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 Chuck Schaeffer Top Performing Mobile Retail Technologies

 
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Mobile Point of Sale

Mobile POS (mPOS) is another retail technology that has garnered attention from bricks and mortar retailers. mPOS most often uses a tablet or smartphone instead of a stationary point-of-sale terminal to complete the consumer purchase transaction.

According to research firm IHL Group, the mobile retail market reached $5.7 billion worldwide and the mobile POS market surpassed $2 billion in hardware and software sales in North America in 2013. This makes mobile POS one of the top retail IT investments.

The consumerization of retail IT is showing up from several vendors. The iPad with both free and fee-based apps has become a roaming POS system and the Microsoft Dynamics AX for retail solution uses the Surface tablet as a mobile POS that is fully integrated with back office ERP as well as omni-channel CRM communications.

IMHO, the top objective and benefit of mobile POS is to enhance the retail experience by engaging consumers, personalizing the consumer interaction and just delivering a more rewarding consumer experience.

Mobile POS can also help start-up or expansion mode retailers perform POS transactions without investing in fixed location cash registers, allow sales associates to roam the floor and engage consumers near the place of product consideration, shorten check-out lines, use product lookup (by location) to perform "save the sale" processes, support special orders for out of stock or custom items, increase table turns, reduce front-of-house or cashier staffing, email paperless invoices, accommodate peak demand or customer influxes more easily and act as a tool to deter shopper showrooming.

But mobile POS can’t exist in a vacuum, so access to related systems such as CRM, inventory management, merchandise returns, asset tracking, promotions management, price marking, merchandising applications and possibly field service are needed to support common business use cases, make the technology sustainable and earn a payback on your investment.

While easy to adopt, merchants must recognize the many data privacy and information security safeguards. PCI compliance, point-to-point encryption, the storage of the cardholder personal account number (PAN), cardholder verification methods and special considerations for EMV chip transactions are but a few of the data custodianship responsibilities that must be iron clad before mobile point of sale can become a reality.

Hand in glove with mobile point of sale is mobile payment processing. While the two retail technologies are symbiotic they may be adopted together or separately.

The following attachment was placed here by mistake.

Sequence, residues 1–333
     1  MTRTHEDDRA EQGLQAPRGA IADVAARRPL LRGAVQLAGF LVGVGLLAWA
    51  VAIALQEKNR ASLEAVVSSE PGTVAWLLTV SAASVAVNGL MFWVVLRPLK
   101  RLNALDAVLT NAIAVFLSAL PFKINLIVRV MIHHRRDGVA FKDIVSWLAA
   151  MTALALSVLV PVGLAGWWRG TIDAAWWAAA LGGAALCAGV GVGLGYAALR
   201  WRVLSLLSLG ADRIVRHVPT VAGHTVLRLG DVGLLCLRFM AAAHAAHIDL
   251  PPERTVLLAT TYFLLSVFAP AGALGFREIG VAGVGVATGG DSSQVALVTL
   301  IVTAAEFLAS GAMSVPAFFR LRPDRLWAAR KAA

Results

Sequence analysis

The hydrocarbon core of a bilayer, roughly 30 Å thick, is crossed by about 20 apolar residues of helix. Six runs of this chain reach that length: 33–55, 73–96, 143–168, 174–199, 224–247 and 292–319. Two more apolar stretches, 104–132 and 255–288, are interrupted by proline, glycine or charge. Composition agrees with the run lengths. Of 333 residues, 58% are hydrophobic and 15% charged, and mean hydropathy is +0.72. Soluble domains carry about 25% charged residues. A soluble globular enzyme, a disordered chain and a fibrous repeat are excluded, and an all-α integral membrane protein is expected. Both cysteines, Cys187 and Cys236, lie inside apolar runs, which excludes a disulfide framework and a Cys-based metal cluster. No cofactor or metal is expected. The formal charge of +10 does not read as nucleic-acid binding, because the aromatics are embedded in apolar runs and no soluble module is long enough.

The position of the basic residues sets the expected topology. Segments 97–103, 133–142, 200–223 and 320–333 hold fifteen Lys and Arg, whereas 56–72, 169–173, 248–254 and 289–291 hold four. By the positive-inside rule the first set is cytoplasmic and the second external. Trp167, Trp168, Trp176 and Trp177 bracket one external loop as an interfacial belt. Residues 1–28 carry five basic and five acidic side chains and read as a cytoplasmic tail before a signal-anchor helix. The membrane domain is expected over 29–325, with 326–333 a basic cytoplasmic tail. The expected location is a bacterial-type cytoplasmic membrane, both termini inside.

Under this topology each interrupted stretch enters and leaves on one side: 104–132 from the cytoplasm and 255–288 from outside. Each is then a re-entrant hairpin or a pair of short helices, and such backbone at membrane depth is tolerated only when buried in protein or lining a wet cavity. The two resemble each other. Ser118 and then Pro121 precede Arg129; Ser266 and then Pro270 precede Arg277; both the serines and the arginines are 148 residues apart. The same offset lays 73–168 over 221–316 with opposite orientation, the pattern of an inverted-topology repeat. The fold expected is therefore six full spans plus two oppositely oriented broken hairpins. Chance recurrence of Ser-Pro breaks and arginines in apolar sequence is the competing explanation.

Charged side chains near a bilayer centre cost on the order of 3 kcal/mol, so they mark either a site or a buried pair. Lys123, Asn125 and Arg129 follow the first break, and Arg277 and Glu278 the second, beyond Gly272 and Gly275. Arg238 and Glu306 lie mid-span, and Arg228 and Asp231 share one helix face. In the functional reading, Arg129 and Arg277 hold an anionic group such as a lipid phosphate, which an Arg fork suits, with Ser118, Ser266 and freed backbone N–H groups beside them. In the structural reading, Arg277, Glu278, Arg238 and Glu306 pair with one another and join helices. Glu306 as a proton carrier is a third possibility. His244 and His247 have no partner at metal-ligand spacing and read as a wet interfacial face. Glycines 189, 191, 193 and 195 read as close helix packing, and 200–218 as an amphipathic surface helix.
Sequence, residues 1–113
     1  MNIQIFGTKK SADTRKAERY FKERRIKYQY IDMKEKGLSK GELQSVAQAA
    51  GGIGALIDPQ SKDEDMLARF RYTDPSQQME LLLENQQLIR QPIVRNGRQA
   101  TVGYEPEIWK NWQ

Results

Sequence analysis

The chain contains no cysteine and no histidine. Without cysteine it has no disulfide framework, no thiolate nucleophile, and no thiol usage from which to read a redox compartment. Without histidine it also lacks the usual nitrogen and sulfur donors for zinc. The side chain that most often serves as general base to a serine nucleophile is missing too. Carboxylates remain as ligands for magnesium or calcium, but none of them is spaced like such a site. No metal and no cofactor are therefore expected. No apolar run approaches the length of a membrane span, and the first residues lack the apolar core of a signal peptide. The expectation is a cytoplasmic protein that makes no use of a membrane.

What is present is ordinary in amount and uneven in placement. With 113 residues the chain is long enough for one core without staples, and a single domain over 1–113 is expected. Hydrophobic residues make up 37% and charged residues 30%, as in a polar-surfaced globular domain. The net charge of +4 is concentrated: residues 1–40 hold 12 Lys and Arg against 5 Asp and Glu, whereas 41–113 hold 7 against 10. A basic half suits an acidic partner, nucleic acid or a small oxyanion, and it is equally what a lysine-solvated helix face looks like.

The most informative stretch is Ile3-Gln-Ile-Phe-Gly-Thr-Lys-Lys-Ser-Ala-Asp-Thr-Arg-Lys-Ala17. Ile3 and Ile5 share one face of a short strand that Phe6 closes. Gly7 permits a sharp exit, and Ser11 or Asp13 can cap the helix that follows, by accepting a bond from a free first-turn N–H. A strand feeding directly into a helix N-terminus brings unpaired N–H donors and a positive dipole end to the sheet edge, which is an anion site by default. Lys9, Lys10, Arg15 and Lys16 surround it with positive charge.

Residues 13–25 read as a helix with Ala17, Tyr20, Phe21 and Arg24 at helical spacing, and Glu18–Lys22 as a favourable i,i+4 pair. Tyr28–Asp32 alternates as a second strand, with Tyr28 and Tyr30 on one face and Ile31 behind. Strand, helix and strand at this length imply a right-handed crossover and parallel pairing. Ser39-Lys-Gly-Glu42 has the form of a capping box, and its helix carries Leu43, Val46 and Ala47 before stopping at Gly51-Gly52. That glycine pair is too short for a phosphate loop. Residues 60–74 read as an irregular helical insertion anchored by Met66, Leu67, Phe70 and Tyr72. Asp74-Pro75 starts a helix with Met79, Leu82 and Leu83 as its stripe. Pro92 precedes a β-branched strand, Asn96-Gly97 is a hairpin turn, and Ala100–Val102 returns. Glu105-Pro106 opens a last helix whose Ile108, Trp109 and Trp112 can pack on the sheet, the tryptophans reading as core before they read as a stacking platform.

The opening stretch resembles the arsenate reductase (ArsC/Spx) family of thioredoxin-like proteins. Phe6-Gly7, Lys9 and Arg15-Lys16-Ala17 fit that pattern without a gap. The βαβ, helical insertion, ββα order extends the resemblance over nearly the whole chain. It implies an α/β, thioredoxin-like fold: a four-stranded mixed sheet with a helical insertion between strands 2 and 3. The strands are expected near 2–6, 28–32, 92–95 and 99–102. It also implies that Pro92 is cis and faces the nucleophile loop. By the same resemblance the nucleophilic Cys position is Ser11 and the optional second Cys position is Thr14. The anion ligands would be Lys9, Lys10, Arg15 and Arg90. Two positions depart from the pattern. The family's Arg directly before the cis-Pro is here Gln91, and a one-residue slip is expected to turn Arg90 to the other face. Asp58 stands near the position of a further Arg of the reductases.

According to the Juniper Research report, titled Mobile Payment for Digital and Physical Goods, mobile retail payments are forecast to grow from $182 billion in 2013 to $707 billion in 2018. That's some big growth. The Gallagher Consulting Group research puts this market figure into perspective by reporting that half of today's smartphone users will be using mobile wallets as their preferred payments method by 2018. Retailers will obviously need to support these consumers payment preferences if they expect to earn their business.

But like many mobile and retail technologies, merchants face a vast number of digital payment choices.

Mobile credit card readers such as Square Register, Intuit GoPayment, PayPal Here and a slew of followers simply plug into the mobile device's audio jack to perform payment processing. Technology companies such as Google has been offering its Google Wallet Mobile App since 2011, and uptake has been slow but consistently rising. Analyst firm Gartner projects mobile apps and in-application purchases will incur double digit growth.

When trying to make the best decision among a high number of technology options, it's important to first know what your customers prefer — which can be understood with a Voice of the Customer analysis — and then to solidify your business objectives. These two prerequisites will then put the technology choices into persepctive.

According to Boston Retail Partners, 52% of retailers plan to implement mobile POS and payment processing in the next two years. The most cited objectives by these retailers included saving floor space, improving customer service, reacting in real time with offers and promotions, saving sales by checking product availability and location even if the products are not available in the floor and creating multiple checkout points at the point of interaction. These objectives might be a good starting point for other retailers planning their mobile POS and payment processing journey.

Next - The Call for Retail Mobility >>

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The top objective and benefit of mobile POS is to enhance the retail experience by engaging consumers, personalizing the consumer interaction and just delivering a more rewarding consumer experience.

 

 

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